As a founder member of Mystery Women in 1997, promoting Crime Fiction has always been my passion.
Following the closure of Mystery Women, a new group was formed on 30th January 2012 promoting crime fiction.
New reviews are posted daily, but to search for earlier reviews please click on the Mystery People link below and select 'reviews' from the welcome page. This will display an alphabetic option for you to find the review you would like to read
For PREVIOUS REVIEWS- Click on MYSTERY PEOPLE below -
Avon, 24 August 2017. ISBN: 978-0-00-822351-9 (PB)
It's hard for a debut author to get a foot on the ladder. That means
it's important to do two things: one, get the basics right, and two, make
yourself stand out from the crowd. In crime fiction especially, that crowd is
very large. So I have to confess that my heart sank a little when I saw that
this particular debut novel was about child abduction. It's a well-worn theme, designed
to tug at the heartstrings of any reader, and especially of mothers. But it
does get used a lot.
How was a rookie writer going
to turn a familiar story into something different, I wondered. Well, take it
from me, Elisabeth Carpenter does. She does get the basics right, and the
storyline itself is exactly what you'd expect: small girl fails to return home
from school on time, parents go ape and call the police, who investigate, and
eventually... well, there's always a positive outcome, isn't there? But it
doesn't end there.
She chooses three techniques
which challenge the most experienced of authors: first person, present tense
and multiple viewpoint. The chapters switch between half a dozen characters:
victim, perpetrator, frantic family members. Each point of view is presented in
the first person, though the abductee's aunt, trying desperately to support her
sister and still hold it together herself, takes the lion's share. Some
chapters are only a page or two, others much longer; together with the constant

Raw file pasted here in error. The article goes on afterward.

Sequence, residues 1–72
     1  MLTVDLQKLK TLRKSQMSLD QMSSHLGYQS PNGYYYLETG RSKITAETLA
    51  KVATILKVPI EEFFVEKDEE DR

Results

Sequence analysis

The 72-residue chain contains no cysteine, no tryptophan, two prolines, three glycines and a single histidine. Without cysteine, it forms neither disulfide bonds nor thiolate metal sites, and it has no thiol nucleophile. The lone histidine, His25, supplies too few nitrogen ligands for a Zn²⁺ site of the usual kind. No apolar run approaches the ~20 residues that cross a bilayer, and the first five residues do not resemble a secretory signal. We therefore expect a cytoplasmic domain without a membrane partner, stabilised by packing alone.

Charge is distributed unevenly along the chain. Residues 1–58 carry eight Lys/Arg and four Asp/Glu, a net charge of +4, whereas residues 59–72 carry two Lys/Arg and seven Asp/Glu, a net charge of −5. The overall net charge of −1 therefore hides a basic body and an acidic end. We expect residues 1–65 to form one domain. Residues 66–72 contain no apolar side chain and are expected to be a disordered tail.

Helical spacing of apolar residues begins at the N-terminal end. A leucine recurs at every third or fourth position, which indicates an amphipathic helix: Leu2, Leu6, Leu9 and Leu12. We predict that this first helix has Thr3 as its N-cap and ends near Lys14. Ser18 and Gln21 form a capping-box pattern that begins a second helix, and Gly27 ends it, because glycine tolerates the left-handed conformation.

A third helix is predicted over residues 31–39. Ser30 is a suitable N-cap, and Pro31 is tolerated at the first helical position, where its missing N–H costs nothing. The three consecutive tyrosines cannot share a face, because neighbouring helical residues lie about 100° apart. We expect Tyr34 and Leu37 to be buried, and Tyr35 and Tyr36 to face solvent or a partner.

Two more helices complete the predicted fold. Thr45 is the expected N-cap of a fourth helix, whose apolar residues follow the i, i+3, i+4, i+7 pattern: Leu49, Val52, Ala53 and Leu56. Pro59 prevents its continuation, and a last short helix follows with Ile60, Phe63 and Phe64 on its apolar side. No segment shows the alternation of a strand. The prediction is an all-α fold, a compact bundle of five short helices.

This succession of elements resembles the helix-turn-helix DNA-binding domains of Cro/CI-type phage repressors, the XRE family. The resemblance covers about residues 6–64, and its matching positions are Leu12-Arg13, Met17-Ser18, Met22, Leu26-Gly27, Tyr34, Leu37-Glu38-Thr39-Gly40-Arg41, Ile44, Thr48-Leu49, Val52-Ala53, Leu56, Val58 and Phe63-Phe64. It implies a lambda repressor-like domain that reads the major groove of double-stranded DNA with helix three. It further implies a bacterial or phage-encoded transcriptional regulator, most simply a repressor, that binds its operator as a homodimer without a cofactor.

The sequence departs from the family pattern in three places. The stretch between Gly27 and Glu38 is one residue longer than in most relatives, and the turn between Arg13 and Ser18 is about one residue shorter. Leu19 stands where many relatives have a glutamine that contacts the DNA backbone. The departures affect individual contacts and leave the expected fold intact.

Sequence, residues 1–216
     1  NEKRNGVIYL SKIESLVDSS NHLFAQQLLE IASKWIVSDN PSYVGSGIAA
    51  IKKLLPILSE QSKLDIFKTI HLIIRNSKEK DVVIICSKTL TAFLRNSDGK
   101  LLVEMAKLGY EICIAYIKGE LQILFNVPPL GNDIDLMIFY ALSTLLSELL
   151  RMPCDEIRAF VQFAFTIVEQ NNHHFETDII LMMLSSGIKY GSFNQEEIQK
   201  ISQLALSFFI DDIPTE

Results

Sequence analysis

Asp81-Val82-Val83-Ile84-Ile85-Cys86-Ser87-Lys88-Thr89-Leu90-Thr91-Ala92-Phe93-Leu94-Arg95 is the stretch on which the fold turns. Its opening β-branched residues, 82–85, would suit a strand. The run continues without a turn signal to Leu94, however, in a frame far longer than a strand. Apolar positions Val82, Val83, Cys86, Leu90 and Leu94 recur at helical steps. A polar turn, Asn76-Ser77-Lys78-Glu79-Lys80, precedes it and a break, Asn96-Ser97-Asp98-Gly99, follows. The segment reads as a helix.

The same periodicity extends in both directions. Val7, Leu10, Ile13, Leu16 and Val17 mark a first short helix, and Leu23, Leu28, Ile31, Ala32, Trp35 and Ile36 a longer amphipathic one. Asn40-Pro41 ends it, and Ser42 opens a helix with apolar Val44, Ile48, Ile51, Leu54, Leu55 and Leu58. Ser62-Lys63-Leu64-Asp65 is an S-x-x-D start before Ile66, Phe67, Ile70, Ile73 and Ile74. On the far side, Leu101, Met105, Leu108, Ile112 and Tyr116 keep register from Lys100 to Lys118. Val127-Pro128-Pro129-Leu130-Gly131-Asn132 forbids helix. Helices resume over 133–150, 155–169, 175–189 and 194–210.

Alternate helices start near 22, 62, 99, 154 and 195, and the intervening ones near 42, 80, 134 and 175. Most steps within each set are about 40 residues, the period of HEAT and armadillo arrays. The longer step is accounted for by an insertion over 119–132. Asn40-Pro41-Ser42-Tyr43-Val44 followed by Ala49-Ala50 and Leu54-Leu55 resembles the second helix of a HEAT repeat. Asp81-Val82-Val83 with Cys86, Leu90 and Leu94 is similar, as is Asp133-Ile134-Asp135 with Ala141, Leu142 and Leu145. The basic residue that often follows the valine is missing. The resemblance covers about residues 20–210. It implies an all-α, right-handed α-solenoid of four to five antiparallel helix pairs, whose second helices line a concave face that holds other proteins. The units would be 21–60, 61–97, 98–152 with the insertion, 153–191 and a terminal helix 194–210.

changes of viewpoint, this helps to ratchet up the suspense level, as does the
in-your-face immediacy of the present tense.
Carpenter also has a deft
hand with characters. I felt for them; I almost wept for some of them; and I
felt I knew them. I especially liked Jim, peripheral to the main storyline but
full of bounce and vim although he's well past youth's second blush and not in
the best of health; and Grace, the abducted child, proves as feisty and
resilient as any mother would hope her child would be in similar appalling
So what's different about
this take on the old theme? That lies in the stories behind the story. It's
said that the police always take a hard look at the family when a child goes
missing; Carpenter has picked up this idea and given it a whole new twist.
For me, though, the best
thing about this novel is one of the most stunning pieces of misdirection I've
ever come across in a crime novel – and I read a lot of crime novels. I'm
saying nothing that might give the game away, but rest assured all is most
definitely not as it seems.
Elisabeth Carpenter is a
debut author with a future. I look forward to seeing her pursue it.
Reviewer: Lynne Patrick
Carpenter lives in Preston with her family. She completed a BA
in English Literature and Language with the Open University in 2008. Elisabeth
was awarded a Northern Writers’ New Fiction award, and was longlisted for
Yeovil Literary Prize (2015 and 2016) and the MsLexia Women’s Novel award
(2015). She loves living in the north of England and sets most of her stories
in the area, including the novel she is writing at the moment. She currently
works as a book keeper.
Lynne Patrick has been a writer ever since she could pick up a pen,
and has enjoyed success with short stories, reviews and feature journalism, but
never, alas, with a novel. She crossed to the dark side to become a publisher
for a few years, and is proud to have launched several careers which are now
burgeoning. She lives on the edge of rural Derbyshire in a house groaning with
books, about half of them crime fiction.